• structural implants (valves, widener, opener…..)
  • implantable pacing systemes (pacemaker, defibrillator, cardioverter, CRT Cardiac resynchronization therapy, CRT-D, implantable cardioverter defibrillator (ICD)
    • alloplastic
      • generator (resistors, diodes, capacitors, semiconductors)
        • wired / wireless
        • titanium
      • battery
        • lithium, iodine
      • electrodes


Aortic valve operations: 80% of patients had a predicted risk of mortality (PROM) of <4% and actual mortality rate of 1.4%, the remaining 20% had a higher risk (2002 – 2010).


Medical Societies    see here

Use the information button or the doctor-finder in the medical societies section. If available you´ll find information in your language and according to the region you live.


Heart stents still overused (NYT, 2013)

Selected Patient Information

Angioplasty Patient Center
Artificial Pacemaker (1) – arrhythmia
Artificial Pacemaker (2) – what is a pacemaker
Artificial Pacemaker (3) – electromagnetic interference
Atrial Fibrillation
Carotid Artery Stent (Medline)
Cholesterol (AHA)
Heart Failure Matters (multilingual)
Heart Valve Disease (University of Michigan)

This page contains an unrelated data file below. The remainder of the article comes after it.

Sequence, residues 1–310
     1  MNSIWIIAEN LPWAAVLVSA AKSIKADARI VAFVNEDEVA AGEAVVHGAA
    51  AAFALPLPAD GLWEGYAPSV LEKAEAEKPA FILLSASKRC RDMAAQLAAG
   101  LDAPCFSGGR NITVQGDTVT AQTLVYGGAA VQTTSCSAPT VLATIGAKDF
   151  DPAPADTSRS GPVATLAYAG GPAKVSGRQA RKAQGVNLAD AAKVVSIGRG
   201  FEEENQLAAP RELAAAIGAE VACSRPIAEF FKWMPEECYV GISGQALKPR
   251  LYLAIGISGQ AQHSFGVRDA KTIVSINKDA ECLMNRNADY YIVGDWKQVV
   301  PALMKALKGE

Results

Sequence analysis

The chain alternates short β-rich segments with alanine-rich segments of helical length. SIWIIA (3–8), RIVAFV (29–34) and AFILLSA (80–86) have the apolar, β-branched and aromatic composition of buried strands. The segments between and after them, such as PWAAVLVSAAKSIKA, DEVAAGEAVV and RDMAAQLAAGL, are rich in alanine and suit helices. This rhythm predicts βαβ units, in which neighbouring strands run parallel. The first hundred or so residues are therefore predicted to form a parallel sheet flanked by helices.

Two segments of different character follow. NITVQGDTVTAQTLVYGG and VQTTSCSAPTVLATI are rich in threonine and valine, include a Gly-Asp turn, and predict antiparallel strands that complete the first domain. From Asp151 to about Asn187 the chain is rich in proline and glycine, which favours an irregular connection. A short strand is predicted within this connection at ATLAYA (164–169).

Implantation eines ICD- oder CRT-Systems (german)
Risks of having a stent (NIH)
Sudden cardiac death (AHA)

You can share your experience here for the community by submitting it for statistical purposes (personal data will remain anonymous)

Register for Patients

International pacemaker patient identification cards carry information such as patient data (among others, symptom primary, ECG, aetiology), pacemaker center (doctor, hospital), IPG (rate, mode, date of implantation, manufacturer, type) and lead type.

In the register of the registries you can check which ones are available.

If your implant is not covered:
The Implant-Register offers registration of implants online and you can download a printable version for your personal use.

Disclaimer: The information and links and whatsoever shown on this page are compiled with care. However, Implant-Register can´t take any responsibility for the information given, nor their content, nor their up-to-date nature, particularly in interlinked pages. You may help us with your contribution, granting us the decision to publish or not. Be careful with conclusions for yourself, in doubt double-check and consider medical solutions are individual and have to be found with an educated medical person.